January 13, 2010 / 6:27 PM / 8 years ago

Canada's deficit said permanent unless tackled now

OTTAWA (Reuters) - Canada faces a long-term budget deficit that will only grow bigger if not addressed now as the population ages and revenues get squeezed by tax cuts, the parliamentary budget officer said on Wednesday.

<p>Canada's Parliamentary Budget Officer Kevin Page waits to testify before the Commons finance committee on Parliament Hill in Ottawa November 3, 2009. REUTERS/Chris Wattie</p>

Budget Officer Kevin Page raised the alarm about Ottawa’s deteriorating fiscal health, a politically hot issue for the minority Conservative government, as Finance Minister Jim Flaherty prepares his next budget for March 4.

Page warned that unless politicians set clear targets for debt levels, the country is headed back to the crippling deficits, last seen in the early 1990s.

“We do not want to go back there,” Page told reporters after releasing a report explaining his projections.

“We know what it’s like to be in a mess, we know what a drag it produced on our economy. If you look at what happened in Japan in the 1990s ... the United States’ situation right now, the U.K. situation ... it’s not sustainable,” he said.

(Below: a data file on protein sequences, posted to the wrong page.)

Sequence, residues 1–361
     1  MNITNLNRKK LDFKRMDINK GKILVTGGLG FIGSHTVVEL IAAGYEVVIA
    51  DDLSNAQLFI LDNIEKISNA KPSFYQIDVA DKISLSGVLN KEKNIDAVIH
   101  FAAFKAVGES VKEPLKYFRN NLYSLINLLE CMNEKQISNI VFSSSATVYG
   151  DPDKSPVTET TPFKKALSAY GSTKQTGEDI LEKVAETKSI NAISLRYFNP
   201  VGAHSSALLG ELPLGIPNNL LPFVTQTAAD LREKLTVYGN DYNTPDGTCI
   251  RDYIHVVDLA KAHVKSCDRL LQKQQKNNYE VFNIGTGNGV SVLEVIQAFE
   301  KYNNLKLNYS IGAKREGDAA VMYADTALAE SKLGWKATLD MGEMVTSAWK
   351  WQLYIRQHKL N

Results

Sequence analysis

Page’s mandate is to assess the fiscal impact of policies and proposals for members of Parliament.

Page reiterated projections he made last November that Canada’s economy will not return to its full potential until 2013 -- two years later than the Bank of Canada’s view -- and that the government will carry a structural deficit of C$19 billion ($18.5 billion) in 2013-14.

The Conservative government, which estimates a deficit of about C$5 billion in 2014-15, has repeatedly said it can balance the books in the medium term through a combination of allowing stimulus programs to expire, economic growth and possibly some spending restraint if needed.

Page believes the government has underestimated the portion of the overall deficit that is structural, or permanent.

($1=$1.03 Canadian)

Reporting by Louise Egan; editing by Peter Galloway

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